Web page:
Teacher Next Door
This private program is one-stop shopping, from finding teacher home-buying grants or loans that help with your home purchase to connecting you with a real estate agent and lender in its network.
As the name implies, it’s designed for teachers but includes other school employees, such as administrators, custodians, nurses, office staff and bus drivers. (Firefighters, police and other public service workers also are eligible.)
When you apply, a program specialist identifies any public and private home-buying assistance you may be eligible for. Teachers could receive up to $8,000 in grants and payment assistance of up to $10,681, according to the program.
The Teacher Next Door program also works with two lenders that can pre-approve you for a mortgage, which can make your offer to a seller more attractive. And it has a network of more than 13,000 real estate agents nationwide to help you find a home, says co-founder Steve Parks.
Teachers also may be eligible for discounts on inspections, title insurance and other services purchased through one of Teacher Next Door’s partners.
Teacher Next Door launched during the 2008 financial crisis and continues to assist educators in achieving their dream of homeownership. “We started small, and it’s exceeded our expectations,” says Parks, noting the program currently receives about 10,000 applications a month.
Homes for Heroes
This for-profit company, launched after Sept. 11, 2001, offers discounts and rebates on home-buying services to a whole list of deserving heroes that includes teachers from pre-K to college.
The more services you purchase from program’s partners, the more you save. The company says homebuyers on average save $1,700 on real estate broker fees, $500 on mortgage lender fees, $150 on title service, and $50 on a home inspection.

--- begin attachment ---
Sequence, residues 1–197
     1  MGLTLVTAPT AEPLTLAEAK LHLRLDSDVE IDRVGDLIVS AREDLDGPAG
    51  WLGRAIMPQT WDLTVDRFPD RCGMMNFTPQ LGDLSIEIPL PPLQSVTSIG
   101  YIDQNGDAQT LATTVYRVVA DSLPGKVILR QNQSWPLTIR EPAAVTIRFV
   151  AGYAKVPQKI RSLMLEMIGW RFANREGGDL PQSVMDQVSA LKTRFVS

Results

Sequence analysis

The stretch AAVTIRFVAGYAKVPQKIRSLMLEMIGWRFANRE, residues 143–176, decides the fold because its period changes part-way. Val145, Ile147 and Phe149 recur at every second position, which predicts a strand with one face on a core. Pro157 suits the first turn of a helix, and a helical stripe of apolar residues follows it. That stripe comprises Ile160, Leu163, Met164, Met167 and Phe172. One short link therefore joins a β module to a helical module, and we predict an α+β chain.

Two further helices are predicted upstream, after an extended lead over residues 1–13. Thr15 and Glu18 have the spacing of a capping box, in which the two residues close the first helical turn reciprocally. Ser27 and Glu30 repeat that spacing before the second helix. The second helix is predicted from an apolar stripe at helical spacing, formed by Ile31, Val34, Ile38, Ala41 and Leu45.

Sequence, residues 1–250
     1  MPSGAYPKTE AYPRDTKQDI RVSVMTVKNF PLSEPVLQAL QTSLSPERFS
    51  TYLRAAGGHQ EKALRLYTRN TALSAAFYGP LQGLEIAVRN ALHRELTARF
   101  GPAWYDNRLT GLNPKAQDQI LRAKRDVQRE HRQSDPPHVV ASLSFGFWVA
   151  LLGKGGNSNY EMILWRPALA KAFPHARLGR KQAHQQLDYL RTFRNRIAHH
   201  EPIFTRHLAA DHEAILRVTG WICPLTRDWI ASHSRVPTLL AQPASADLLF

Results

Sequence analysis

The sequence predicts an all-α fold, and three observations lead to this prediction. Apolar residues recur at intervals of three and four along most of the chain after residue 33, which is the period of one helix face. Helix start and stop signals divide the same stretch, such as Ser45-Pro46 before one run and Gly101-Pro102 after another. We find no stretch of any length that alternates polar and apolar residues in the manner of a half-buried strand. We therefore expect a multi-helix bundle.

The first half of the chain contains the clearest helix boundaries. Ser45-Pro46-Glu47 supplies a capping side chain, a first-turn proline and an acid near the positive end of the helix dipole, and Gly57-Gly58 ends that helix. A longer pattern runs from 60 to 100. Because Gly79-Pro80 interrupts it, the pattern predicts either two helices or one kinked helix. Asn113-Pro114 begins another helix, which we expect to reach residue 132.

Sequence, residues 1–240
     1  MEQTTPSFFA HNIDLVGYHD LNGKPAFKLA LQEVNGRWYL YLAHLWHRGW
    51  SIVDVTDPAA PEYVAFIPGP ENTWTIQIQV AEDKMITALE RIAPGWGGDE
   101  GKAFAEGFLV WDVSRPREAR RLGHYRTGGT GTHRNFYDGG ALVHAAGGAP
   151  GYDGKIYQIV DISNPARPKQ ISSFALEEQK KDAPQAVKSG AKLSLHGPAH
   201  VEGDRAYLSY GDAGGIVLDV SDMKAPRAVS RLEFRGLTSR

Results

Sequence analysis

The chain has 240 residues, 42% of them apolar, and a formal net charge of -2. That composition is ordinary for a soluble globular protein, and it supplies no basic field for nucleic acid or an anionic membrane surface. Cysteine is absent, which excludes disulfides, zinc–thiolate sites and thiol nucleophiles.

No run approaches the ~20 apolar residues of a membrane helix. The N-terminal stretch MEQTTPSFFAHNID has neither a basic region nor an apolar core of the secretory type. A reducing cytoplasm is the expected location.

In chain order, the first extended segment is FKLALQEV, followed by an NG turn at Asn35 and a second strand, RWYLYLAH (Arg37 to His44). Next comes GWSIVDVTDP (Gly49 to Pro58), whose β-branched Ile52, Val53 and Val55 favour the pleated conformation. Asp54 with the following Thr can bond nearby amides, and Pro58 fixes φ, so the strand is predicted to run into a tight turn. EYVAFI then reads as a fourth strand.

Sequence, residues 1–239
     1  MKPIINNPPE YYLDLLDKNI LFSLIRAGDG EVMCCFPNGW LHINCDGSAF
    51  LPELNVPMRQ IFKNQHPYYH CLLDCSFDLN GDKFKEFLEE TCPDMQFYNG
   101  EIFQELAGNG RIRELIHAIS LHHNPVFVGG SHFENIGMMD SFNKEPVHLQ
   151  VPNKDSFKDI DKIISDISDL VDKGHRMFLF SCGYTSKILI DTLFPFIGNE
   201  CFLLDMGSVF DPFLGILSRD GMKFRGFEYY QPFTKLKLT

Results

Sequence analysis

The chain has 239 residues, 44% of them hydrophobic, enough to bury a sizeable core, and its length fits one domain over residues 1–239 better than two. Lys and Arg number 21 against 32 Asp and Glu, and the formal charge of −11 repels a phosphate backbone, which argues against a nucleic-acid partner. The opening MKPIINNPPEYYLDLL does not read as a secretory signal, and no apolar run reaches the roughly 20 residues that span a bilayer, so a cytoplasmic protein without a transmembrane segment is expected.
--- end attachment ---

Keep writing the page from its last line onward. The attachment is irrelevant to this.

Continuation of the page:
For many teachers, the down payment is one of the biggest hurdles to home ownership, particularly in an expensive market. That’s where Landed comes in.
The private program helps educators come up with a 20% down payment in exchange for a share of the profit when the house is later sold.
A 20% down payment makes your offer more attractive, and it decreases the size of your monthly mortgage payments, says Daniel Anderson, a real estate agent and retired high school teacher in Portland, Oregon. It also allows you to forgo paying for private mortgage insurance (PMI), which protects the lender if you default on your loan. (On a $300,000 loan, PMI can run $1,500 to $4,500 a year.)
Here’s how Landed works: Buyers contribute at least 5% to the down payment. Landed provides a no-interest loan for as much as 15% of the home price (up to $120,000 or $150,000, depending on the market).
What does Landed get in return? A repayment of the loan plus a share of the profit – or loss if home values fall – generally when the buyer sells the house or refinances. For every 1% Landed contributes to the down payment, it shares in 2.5% of the gain or loss. So, if Landed contributes 8%, its share is 20%. At 15%, Landed’s share is 37.5%.
“If [homeowners] are building equity, even if they have to share it, that’s much better than living in an apartment and no equity,” says Anderson, who is one of Landed’s participating agents.
The program tends to be available only in expensive markets, such as Miami, San Francisco, and Washington, D.C., that are most likely to appreciate in value. See if Landed is available in your area.
FNBO Home Mortgage Program for NEA members
Teachers getting a mortgage through this NEA member benefit program don’t pay any loan application, processing or origination fees―an estimated savings of $1,195.
The First National Bank of Omaha (FNBO) offers a range of mortgage loan types from conventional to FHA, VA and USDA loans in all 50 states. A bank loan officer will review your finances and goals to find the best mortgage for you as well as walk you through the process, says Eric Johnson, FNBO’s director of consumer direct mortgages.
With home prices rapidly rising and demand still soaring, buyers can get caught up in a bidding war, Johnson says. He advises buyers to set a price range for a house that fits their budget and allows them to meet their long-term goals. “We tell them, ‘Stay to your plan,’ ” he says. “You don’t want to be overly invested in a property.”
Plus, when considering how much house you can afford, don’t forget to budget for ongoing housing expenses, such as maintenance, property taxes and homeowners insurance. Check the NEA Auto & Home Insurance Program to find affordable homeowner coverage. And read 5 Unexpected Costs of Homeownership to plan ahead to avoid overextending your budget.
1 S&P Corelogic Case-Shiller Index Shows Annual Home Price Gains Increased to 19.8% in February, S&P Dow Jones Indices, April 26, 2022. Paycheck to Paycheck, National Housing Conference, 2022.